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I have three tables: students, interests, and interest_lookup students had the cols student_id and name interests has the cols interest_id and interest_name interest_lookup has the cols student_id and interest_id

To find out what interests a student has I do

select interests.interest_name from `students`
  inner join `interest_lookup`
    on interest_lookup.student_id = students.student_id
  inner join `interests`
    on interests.interest_id = interest_lookup.interest_id

What I want to do is get a result set like

student_id | students.name | interest_a | interest_b | ...

where the column name 'interest_a' is a value in interests.name and the interest_ columns are 0 or 1 such that the value is 1 when there is a record in interest_lookup for the given student_id and interest_id and 0 when there is not.

Each entry in the interests table must appear as a column name.

I can do this with subselects (which is super slow) or by making a bunch of joins, but both of these really require that I first select all the records from interests and write out a dynamic query.

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The only way I can imagine is to use pivotal technique, but it also requires knowing all values of interest_name in advance –  a1ex07 Oct 5 '11 at 22:53

3 Answers 3

up vote 3 down vote accepted

You're doing an operation called a pivot. @Slider345 linked to (prior to editing his answer) another SO post about doing it in Microsoft SQL Server. Microsoft has its own special syntax to do this, but MySQL does not.

You can do something like this:

SELECT s.student_id, s.name,
  SUM(i.name = 'a') AS interest_a,
  SUM(i.name = 'b') AS interest_b,
  SUM(i.name = 'c') AS interest_c
FROM students s
INNER JOIN interest_lookup l USING (student_id)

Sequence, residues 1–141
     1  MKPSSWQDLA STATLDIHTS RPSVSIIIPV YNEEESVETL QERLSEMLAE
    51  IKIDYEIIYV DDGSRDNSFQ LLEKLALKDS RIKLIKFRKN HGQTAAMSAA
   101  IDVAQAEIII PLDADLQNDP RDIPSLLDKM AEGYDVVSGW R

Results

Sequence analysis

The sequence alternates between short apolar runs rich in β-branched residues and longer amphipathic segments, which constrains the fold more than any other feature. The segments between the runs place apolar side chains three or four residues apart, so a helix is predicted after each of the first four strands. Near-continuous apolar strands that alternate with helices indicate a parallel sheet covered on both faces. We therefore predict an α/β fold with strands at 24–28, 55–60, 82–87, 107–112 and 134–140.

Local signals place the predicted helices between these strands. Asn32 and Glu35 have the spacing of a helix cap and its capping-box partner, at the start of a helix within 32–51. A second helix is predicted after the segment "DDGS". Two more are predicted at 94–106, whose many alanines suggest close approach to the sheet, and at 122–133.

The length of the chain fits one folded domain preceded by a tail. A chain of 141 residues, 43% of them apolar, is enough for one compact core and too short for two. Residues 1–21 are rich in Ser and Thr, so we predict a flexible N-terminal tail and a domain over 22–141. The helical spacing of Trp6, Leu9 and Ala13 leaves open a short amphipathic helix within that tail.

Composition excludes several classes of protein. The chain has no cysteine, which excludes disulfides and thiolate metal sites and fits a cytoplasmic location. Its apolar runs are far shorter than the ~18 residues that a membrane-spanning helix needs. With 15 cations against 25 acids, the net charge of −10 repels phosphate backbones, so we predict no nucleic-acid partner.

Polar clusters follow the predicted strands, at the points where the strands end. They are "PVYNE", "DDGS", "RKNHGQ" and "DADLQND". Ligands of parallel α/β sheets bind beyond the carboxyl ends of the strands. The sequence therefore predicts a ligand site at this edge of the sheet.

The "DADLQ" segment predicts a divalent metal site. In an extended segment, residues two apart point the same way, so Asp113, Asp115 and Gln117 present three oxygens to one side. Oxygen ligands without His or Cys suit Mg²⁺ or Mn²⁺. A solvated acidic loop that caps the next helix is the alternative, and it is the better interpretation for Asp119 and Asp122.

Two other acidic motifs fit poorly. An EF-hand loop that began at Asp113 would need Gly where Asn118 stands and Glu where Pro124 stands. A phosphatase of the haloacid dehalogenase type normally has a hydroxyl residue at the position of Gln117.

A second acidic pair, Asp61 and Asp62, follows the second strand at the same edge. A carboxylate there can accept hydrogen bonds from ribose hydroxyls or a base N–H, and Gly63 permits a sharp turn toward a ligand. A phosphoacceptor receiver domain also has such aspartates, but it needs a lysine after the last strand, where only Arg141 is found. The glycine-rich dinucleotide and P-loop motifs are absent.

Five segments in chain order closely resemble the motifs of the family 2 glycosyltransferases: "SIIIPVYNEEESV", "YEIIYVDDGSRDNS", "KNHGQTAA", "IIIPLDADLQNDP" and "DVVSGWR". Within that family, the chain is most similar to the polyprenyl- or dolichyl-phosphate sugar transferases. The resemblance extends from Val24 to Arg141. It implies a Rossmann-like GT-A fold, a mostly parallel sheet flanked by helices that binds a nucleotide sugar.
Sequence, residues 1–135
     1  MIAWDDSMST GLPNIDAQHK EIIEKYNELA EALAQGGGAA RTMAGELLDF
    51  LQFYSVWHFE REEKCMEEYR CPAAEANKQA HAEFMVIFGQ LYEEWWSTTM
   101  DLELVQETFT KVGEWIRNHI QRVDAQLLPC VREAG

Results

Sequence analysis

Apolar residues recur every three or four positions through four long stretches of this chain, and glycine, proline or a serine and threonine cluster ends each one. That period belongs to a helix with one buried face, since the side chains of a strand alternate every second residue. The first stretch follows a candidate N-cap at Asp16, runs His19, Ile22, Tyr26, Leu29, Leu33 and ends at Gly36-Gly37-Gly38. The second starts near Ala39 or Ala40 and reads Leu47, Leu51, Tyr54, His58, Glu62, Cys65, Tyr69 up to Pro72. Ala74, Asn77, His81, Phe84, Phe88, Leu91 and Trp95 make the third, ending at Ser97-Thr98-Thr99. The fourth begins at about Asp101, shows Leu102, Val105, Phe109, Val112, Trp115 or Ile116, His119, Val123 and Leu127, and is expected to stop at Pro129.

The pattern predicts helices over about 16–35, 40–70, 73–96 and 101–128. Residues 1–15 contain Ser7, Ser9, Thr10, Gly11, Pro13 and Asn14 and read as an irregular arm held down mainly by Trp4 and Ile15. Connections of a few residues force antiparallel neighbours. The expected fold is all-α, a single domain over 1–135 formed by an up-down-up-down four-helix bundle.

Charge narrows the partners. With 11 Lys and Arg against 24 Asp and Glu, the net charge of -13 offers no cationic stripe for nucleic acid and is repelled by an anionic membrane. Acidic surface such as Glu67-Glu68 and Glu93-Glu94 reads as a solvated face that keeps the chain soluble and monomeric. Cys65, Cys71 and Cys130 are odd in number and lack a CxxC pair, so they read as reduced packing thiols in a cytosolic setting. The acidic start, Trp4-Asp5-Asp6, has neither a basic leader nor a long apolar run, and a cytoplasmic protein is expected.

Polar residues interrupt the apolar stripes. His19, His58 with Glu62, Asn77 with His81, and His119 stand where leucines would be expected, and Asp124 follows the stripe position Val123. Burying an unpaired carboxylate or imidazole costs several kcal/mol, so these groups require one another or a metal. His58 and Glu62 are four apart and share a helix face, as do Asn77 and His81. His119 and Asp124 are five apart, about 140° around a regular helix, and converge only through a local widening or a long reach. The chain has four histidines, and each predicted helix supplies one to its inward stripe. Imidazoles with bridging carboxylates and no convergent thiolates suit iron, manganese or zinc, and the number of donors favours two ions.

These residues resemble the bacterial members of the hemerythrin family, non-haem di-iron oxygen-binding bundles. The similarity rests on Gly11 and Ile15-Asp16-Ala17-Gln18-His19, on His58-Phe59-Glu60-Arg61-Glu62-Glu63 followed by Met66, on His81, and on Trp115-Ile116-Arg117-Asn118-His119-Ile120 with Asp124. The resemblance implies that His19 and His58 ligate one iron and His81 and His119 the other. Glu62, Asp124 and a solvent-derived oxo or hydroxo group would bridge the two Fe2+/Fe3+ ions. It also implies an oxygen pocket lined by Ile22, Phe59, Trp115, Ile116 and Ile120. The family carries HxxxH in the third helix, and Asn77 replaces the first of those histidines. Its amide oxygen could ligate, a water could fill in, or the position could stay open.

INNER JOIN interests i USING (interest_id)
GROUP BY s.student_id;

What you cannot do, in MySQL or Microsoft or anything else, is automatically populate columns so that the presence of data expands the number of columns.

Columns of an SQL query must be fixed and hard-coded at the time you prepare the query.

If you don't know the list of interests at the time you code the query, or you need it to adapt to changing lists of interest, you'll have to fetch the interests as rows and post-process these rows in your application.

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Awesome. I couldn't figure out how pivot really worked till your example. Thanks! I did have to pull out all the interests first and dynamically generate the query to get all the interests. –  baudtack Oct 6 '11 at 16:03
Yes, you need to write code either way. You can write code to generate a query dynamically based on the values in the database, or else you can fetch the raw data and then write code to iterate over the results. –  Bill Karwin Oct 6 '11 at 18:00

What your trying to do sounds like a pivot.

Most solutions seem to revolve around one of the following approaches:

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Doesn't Pivot require knowing the values of interest_name in advance? –  baudtack Oct 5 '11 at 22:54
I don't recommend that artful software site, though I see it cited frequently. Many of their query solutions are totally wrong. –  Bill Karwin Oct 5 '11 at 23:04
Yeah, the more I read that artful link, the more I began to feel that it was needlessly confusing as well. –  Slider345 Oct 5 '11 at 23:05

I don't think this is possible. Actually I think this is just a matter of data representatioin. I would try to use a component to display the data that would allow me to pivot the data (for instance, the same way you do on excel, open office's calc, etc).

To take it one step further, you should think again why you need this and probably try to solve it in the application not in the database.

I know this doesn't help much but it's the best I can think of :(

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